The following is a review of the seventh season of HBO’s Game of Thrones. Expect full spoilers for the show in this review.
At the end of the sixth season of HBO’s Game of Thrones, the show’s two most celebrated heroes moved into position to take on the final sets of challenges for them in this epic series. Jon Snow became the King in the North, and we all learned his true identity. Meanwhile, Daenerys Targaryen, the Mother of Dragons, was finally on her way to Westeros with her mighty dragons and her vast armies.
However, the antagonists seemed stronger than ever before. Cersei Lannister had blown up the Red Keep and become the Queen of the Seven Kingdoms, while the Night King and his undead army were still getting closer to the Wall unbeknownst to most of Westeros.
The seventh season focuses on the much anticipated arrival of Daenerys (played by Emilia Clarke), her armies, and her three great dragons. Jon Snow (played by Kit Harington), the new King in the North, is only concerned with what is on its way on the other side of the Wall, while the help he needs may force him to ‘bend the knee’ to one of the two dangerous queens, neither of which the North trusts.
Jaime Lannister (played by Nikolaj Coster-Waldau) has never been more unsure of his sister, Queen Cersei Lannister (played by Lena Headey), and her actions as her relationship with Euron Greyjoy (played by Pilou Asbæk) is highlighting how little he means to her these days. Meanwhile, two important female leaders are being challenged by advisers that may not always see eye to eye with the women they’ve chosen to work for.
I adored the sixth season of Game of Thrones. It wasn’t flawless but it was such an exciting season of television that I barely had any major issues with it. While I ultimately enjoyed the seventh season of the show, I was also supremely disappointed with some of the leaps in logic that the show was asking us to take this season.
I’ve always thought that the complaint that everything done since season six is basically fan fiction is ridiculous. But this seventh season was the first time where I actually started to be a little bit bothered by some of the fan service at play in the plot.
Remember how popular those video reactions to the Red Wedding were? Yeah, we aren’t really getting those types of reactions anymore. One of the reasons why is that this seventh season didn’t really punish its main characters all that much. There weren’t very many character consequences this season and almost every character had such significant plot armor that unbelievable twists and turns became almost frustrating.
Beyond the Wall, the epic sixth episode of the seventh season, was the breaking point for many fans of the show. On the surface, it is a stunning episode with some of the greatest events that have ever taken place on the show. But the episode defies logic.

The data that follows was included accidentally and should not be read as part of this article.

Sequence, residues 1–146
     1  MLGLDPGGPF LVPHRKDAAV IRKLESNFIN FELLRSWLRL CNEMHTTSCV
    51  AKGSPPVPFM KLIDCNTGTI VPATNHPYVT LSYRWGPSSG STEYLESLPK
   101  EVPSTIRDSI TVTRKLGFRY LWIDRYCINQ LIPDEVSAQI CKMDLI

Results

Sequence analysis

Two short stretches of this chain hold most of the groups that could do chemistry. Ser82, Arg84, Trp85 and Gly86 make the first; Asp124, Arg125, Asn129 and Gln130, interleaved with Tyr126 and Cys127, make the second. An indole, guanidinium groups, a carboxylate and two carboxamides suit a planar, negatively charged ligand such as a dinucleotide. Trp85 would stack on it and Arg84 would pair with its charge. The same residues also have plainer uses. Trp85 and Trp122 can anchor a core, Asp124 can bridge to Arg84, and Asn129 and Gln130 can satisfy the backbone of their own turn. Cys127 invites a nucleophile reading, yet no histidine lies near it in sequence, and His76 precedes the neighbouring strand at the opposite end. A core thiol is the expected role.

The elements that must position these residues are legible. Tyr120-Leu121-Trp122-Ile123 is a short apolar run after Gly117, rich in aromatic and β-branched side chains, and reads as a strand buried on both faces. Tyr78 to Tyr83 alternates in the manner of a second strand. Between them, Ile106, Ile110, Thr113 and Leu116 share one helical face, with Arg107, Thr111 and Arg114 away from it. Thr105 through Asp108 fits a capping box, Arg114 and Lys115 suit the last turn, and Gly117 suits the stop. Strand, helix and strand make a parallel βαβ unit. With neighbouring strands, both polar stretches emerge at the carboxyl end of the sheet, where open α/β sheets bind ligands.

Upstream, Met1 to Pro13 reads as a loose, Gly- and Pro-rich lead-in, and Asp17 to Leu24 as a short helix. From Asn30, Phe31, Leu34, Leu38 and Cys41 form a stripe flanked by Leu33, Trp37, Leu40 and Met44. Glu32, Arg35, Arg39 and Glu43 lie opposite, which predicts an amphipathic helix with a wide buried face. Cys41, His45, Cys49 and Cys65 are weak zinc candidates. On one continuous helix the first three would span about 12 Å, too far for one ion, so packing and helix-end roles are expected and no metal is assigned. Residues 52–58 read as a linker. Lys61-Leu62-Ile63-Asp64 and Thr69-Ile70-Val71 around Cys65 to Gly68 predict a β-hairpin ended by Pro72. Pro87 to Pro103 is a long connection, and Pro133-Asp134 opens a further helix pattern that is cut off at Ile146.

Characters and ravens fast travel from location to location, some argued that characters were acting out of character, and one character that has never been paid enough attention to on the show was wasted to save a fan favorite character. I really enjoyed the episode, but it is tough not to be annoyed with these problems.
Unlike most seasons of Game of Thrones, the seventh season peaked much earlier than in the penultimate episode of the season. The Spoils of War, the fourth episode of the seventh season, featured what is now known as the ‘Loot Train Attack,’ which wowed audiences with the awesome power of just one of Daenerys’ dragons. The episode, which was directed by Matt Shakman, put two beloved characters in danger while a power hungry would-be-queen attacked the Queen’s forces head on.
It contained some of the greatest moments of the season, and the episode may be one of my personal favorite episodes in the entire series. My other great surprise was how much better Euron Greyjoy worked this season. Pilou Asbæk is a good Danish actor, but his character’s storyline last season was very disappointing. This season it always looked like Pilou had so much fun. Euron had fan-favorite potential, and Pilou was one of the highlights of the season for me.
The seventh season of Game of Thrones was hurt significantly by its length. With only seven episodes they did admittedly have the opportunity to pepper in some amazing scenes that no other television show could possibly do. And they did. Game of Thrones is amazing like that. It is a blockbuster film on television.
Game of Thrones is at its best when the people behind the show manage to balance its two strengths: awesome expensive spectacle and great character-driven scenes. But, sadly, the season ran out of time. Characters took short cuts, and so did the writers. This season, more than any other, defied logic and that is much worse than forced fan-service. Sadly, most of the seasons greatest character-driven scenes were saved for the season finale.
– Jeffrey Rex